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City advises on parking during snowfall
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MONROE - The Public Safety Committee gathered Tuesday to hear concerns by a local business owner and get information from Monroe Police Chief Fred Kelley regarding the demolition of the parking ramp and how Square residents will park without the extra space.

Kelley discussed how snow removal would affect parking without access to the parking ramp with Baumgartner's owner Chris Soukup, who attended the meeting with two other people who own buildings along the downtown Square.

Kelley said the city ordinances regarding snowfall only specify that parking cannot be done along the Square when two or more inches of snow has gathered. If people do not adhere to the rule, they are issued a $20 ticket. There is no timed schedule written in local law because snow can be unpredictable. Kelley said from his understanding, the ramp was built to accommodate a business, and since that business left the downtown location, it has been used as a snow parking alternative. Now residents must find new alternatives.

"So we took away a place that existed for that purpose and now we're throwing those poor folks out into the snow, so to speak," Kelley said.

Director of Public Works Al Gerber pointed out that the Square takes priority during plowing, with lots cleared later in the morning. Usually snow plows make routes in early morning hours as general practice to ensure all snow is cleaned up unless the timing of a large storm proves counter-productive. In public parking areas, such as the Spring Square lot or parking north of the Square along 16th Avenue and 8th Street, Gerber said even if vehicles are present the city will plow around them to clear the main area of travel.

Soukup said he had been unaware of the lots being available even in the face of heavy snowfall. However, he noted that the location of certain lots can still cause problems for those who, for example, would prefer not to walk two blocks or more with groceries to their residence along the Square. He observed a number of vehicles that usually were parked in the ramp have now been parked in spaces directly in front of his business and along the block instead. Soukup added that he would be sending out a letter to all fellow business owners along the Square to request renters and employees not use Square parking spaces throughout the entire day as a way to free space for customers.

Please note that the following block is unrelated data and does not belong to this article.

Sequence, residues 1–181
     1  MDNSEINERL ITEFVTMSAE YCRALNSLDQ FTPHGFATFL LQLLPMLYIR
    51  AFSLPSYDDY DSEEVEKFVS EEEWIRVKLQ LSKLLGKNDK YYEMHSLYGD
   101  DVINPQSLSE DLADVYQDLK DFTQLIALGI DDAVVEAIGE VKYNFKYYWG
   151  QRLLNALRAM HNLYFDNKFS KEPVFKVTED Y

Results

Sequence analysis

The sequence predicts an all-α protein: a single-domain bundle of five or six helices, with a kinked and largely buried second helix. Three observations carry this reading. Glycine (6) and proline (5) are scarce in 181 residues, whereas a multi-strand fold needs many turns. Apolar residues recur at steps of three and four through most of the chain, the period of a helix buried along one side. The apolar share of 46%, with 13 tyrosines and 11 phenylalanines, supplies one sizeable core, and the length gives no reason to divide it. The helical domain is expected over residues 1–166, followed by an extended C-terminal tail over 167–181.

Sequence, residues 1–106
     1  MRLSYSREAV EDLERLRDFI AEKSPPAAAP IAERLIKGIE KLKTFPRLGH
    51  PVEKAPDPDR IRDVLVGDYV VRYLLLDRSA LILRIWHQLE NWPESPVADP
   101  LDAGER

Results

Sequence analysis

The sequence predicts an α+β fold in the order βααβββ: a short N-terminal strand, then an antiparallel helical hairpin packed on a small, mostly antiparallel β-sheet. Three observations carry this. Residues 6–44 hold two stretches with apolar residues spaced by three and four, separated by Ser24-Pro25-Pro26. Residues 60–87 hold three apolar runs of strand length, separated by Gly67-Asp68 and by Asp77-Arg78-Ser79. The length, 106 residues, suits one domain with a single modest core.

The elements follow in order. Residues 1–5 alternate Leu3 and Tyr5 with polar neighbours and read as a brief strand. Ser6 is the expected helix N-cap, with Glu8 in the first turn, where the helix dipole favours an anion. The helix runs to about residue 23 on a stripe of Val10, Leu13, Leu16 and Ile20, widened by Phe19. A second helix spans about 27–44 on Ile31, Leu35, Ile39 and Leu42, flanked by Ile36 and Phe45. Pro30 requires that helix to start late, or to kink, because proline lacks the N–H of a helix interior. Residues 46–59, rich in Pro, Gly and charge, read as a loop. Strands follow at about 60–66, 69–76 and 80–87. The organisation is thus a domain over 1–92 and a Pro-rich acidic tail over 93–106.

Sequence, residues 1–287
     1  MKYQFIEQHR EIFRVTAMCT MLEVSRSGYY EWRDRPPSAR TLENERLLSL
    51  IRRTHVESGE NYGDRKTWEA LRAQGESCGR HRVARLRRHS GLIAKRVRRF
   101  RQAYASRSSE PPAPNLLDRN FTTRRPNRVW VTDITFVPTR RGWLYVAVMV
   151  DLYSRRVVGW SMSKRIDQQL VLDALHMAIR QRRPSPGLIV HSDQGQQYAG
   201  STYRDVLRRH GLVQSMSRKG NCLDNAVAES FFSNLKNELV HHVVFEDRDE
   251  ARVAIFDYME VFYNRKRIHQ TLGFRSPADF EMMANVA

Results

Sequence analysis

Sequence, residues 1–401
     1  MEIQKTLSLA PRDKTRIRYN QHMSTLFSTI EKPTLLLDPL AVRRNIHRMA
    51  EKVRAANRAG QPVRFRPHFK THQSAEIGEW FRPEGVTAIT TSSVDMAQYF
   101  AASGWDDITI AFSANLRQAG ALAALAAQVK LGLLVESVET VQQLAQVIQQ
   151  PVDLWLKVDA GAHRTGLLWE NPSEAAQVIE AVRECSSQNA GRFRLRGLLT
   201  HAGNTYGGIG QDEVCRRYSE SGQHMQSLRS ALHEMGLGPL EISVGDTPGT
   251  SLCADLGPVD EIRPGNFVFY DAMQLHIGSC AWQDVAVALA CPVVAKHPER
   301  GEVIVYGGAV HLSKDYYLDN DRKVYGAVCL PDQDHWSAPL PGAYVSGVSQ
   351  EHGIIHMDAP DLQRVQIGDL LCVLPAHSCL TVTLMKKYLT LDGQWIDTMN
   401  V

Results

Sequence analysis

After a discussion between attendees and committee members Brooke Bauman and Chris Beer, Mayor Louis Armstrong indicated the idea of rearranging the Square by having plow drivers sweep different areas at different times or reserving an inside parking lane was unnecessary.

"I don't see that as the best option, personally," Armstrong said. "We're going to have the same thing next year."

Next winter the space where the parking ramp is currently being demolished will be paved for roughly 72 parking spots but no covered parking will be available for the public. The municipal parking ramp held 212 stalls, but less than 170 were viable due to 43 unusable spaces deemed unsafe over its years of use. Armstrong added that the Spring Square lot, which is within a block of the Square, will be available for residents who should know that lot is an option. He added that if items need to be dropped off at homes, quick parking with hazard lights on can be done before taking the vehicle to a more permanent spot.

The committee agreed all residents along the Square who wish to park close to their homes during times of more than two inches of snowfall should use the public city lots made available to them.